Great Dr. John Piano Solos in Unlikely Places

“Oo-ee,” Ringo Starr. From the 1974 album Goodnight Vienna (the one with the Klaatu from Day the Earth Stood Still on the cover). Just heard this on the Beatles Radio online station, which sent me rushing to Google who played that intense keyboard solo, which led in turn to this list.

Chastity, original motion picture soundtrack. Rebennack co-composed incidental music for the 1969 film with Sonny Bono, who had written and produced the flick as a solo vehicle for his then-wife Cher. Lots of ominous chords and somber-sounding dramatic strings.

“Let It Loose,” The Rolling Stones, 1972.

“Working in a Coal Mine with Dolly Parton, Alan Toussaint and Irma Thomas.

“Mockingbird,” Carly Simon and James Taylor. (Dr. John’s playing is the only good thing about this otherwise egregious cover, which was unavoidable on AM radio in 1974).

Indian Blues, the multi-traditional jazz album by Donald Harrison Jr.

Rickie Lee Jones.

Aretha Franklin’s “Young, Gifted and Black” album.

Dolly Parton’s Heartbreaker album, 1978.

Willy Deville. The late great New York rocker used Dr. John on four of his albums between 1978 and 1995.

Popeye’s Chicken & Biscuits. The “Love that chicken” jingle, which he also sings.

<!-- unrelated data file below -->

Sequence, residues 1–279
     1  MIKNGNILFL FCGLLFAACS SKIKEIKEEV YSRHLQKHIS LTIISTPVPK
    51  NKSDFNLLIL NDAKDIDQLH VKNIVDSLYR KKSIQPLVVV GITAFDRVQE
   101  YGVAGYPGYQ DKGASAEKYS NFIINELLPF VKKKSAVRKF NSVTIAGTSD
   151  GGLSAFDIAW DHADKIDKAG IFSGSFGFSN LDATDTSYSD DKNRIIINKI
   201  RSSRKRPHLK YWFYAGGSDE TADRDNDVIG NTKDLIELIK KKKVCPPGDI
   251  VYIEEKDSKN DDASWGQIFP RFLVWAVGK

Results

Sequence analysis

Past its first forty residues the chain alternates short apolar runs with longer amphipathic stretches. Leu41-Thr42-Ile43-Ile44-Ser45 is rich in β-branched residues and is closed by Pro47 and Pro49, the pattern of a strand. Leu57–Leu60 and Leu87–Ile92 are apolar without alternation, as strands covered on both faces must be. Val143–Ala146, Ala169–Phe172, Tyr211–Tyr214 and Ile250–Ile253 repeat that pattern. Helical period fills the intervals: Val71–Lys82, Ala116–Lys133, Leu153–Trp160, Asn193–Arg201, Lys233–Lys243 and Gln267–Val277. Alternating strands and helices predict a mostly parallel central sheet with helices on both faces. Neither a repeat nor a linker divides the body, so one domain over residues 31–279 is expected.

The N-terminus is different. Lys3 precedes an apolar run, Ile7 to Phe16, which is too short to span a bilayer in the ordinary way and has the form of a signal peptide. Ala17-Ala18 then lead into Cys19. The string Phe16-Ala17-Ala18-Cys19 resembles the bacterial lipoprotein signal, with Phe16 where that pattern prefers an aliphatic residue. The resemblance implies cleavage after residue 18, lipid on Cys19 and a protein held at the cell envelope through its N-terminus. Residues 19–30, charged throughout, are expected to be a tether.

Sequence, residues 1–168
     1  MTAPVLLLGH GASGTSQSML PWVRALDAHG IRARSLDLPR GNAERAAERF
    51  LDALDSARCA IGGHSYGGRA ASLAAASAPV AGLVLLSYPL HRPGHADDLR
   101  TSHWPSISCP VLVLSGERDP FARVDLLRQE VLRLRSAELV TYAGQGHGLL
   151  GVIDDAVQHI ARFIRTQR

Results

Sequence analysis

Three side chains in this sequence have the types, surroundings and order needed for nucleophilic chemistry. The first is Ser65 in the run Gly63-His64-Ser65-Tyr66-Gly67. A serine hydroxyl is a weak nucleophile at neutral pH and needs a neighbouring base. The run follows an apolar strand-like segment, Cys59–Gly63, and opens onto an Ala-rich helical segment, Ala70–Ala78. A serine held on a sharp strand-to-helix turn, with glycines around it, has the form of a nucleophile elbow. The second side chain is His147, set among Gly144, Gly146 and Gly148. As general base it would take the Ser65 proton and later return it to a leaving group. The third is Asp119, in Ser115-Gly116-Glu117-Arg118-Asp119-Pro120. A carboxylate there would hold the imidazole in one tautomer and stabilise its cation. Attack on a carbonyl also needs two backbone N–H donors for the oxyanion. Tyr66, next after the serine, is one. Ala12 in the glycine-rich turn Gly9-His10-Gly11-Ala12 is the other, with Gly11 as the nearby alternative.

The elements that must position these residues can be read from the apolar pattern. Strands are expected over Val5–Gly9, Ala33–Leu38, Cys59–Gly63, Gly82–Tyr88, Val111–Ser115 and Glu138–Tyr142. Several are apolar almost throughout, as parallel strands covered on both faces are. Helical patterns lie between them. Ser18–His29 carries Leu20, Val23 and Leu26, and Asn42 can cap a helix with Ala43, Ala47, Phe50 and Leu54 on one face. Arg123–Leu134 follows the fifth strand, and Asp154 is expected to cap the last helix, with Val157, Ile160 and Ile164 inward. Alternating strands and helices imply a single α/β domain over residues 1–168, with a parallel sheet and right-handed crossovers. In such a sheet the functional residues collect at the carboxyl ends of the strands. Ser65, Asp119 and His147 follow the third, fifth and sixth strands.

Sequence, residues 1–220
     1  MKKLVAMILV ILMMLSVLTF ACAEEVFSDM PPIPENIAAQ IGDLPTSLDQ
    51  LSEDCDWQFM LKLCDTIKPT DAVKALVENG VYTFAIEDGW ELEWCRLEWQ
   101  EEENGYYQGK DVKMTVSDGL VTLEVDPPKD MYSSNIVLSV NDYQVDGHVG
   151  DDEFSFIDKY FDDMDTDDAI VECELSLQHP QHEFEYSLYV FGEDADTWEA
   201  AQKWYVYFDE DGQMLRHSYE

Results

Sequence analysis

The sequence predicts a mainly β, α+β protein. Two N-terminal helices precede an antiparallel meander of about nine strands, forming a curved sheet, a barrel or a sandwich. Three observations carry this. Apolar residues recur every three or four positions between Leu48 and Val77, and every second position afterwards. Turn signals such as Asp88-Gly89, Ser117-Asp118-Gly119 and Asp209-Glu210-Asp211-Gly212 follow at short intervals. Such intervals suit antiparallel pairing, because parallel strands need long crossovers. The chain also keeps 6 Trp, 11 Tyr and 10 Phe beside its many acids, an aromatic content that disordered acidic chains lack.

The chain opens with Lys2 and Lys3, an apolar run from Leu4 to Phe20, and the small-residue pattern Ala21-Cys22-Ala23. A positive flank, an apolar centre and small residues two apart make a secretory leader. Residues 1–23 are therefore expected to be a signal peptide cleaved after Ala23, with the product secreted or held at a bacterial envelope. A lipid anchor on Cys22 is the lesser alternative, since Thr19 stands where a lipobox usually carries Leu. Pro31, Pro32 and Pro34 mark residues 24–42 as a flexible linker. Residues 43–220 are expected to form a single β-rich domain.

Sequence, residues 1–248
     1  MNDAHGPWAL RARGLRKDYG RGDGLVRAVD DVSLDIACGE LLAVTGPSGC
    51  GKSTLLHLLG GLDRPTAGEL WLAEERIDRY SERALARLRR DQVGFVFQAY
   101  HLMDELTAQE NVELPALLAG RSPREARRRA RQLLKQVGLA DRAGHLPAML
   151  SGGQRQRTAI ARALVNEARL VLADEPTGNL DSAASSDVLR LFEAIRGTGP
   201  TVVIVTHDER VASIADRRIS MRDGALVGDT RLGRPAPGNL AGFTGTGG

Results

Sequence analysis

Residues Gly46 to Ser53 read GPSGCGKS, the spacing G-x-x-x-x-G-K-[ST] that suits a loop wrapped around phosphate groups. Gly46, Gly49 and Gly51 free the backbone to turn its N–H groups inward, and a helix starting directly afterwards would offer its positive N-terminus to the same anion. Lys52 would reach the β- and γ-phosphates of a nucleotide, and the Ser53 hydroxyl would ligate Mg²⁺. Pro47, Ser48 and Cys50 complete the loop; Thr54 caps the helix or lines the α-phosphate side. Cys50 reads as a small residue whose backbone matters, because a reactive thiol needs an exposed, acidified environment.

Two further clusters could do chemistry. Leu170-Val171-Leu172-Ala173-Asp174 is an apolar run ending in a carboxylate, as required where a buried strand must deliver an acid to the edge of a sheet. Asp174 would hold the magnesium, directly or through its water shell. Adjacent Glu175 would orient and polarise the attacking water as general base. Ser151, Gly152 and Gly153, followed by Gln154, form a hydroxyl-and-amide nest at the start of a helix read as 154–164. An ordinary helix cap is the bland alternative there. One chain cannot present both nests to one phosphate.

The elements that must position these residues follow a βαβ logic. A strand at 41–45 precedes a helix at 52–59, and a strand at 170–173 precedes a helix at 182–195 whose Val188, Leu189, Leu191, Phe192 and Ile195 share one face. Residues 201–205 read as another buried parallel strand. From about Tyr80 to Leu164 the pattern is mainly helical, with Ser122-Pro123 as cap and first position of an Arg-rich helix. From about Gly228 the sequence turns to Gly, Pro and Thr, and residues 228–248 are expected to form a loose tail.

The very special theme song from Blossom, which he also sings.

The theme to the PBS series Curious George.

Two songs on Blues Brothers 2000, in an all-star band (The Lousiana Gator Boys) alongside B.B. King, Eric Clapton, Clarence Clemons, Jeff “Skunk” Baxter, Bo Diddley and many others.

Spiritualized, “Cop Shoot Cop.”

The Princess and the Frog, “Down in New Orleans,” written by Randy Newman.

“Let ‘Em In,” the Wings song, from the new Art of Paul McCartney tribute.

My personal favorite Dr. John/Mac Rebennack records:

Dr. John Plays Mac Rebennack, for his version of Hoagy Carmichael’s “The Nearness of You.”
In a Sentimental Mood, for his version of “Makin’ Whoopee!” with Ricke Lee Jones.
In the Right Place, for the title song and “Such a Night.”
Ske-Dat-De-Dat…The Spirit of Satch, for the strange cover of Brecht & Weill’s “Mack the Knife” and the frisky take on “Dippermouth Blues.”
Storm Warning: The Early Session of Mac “Dr. John” Rebennack, from when he was primarily a session guitarist.

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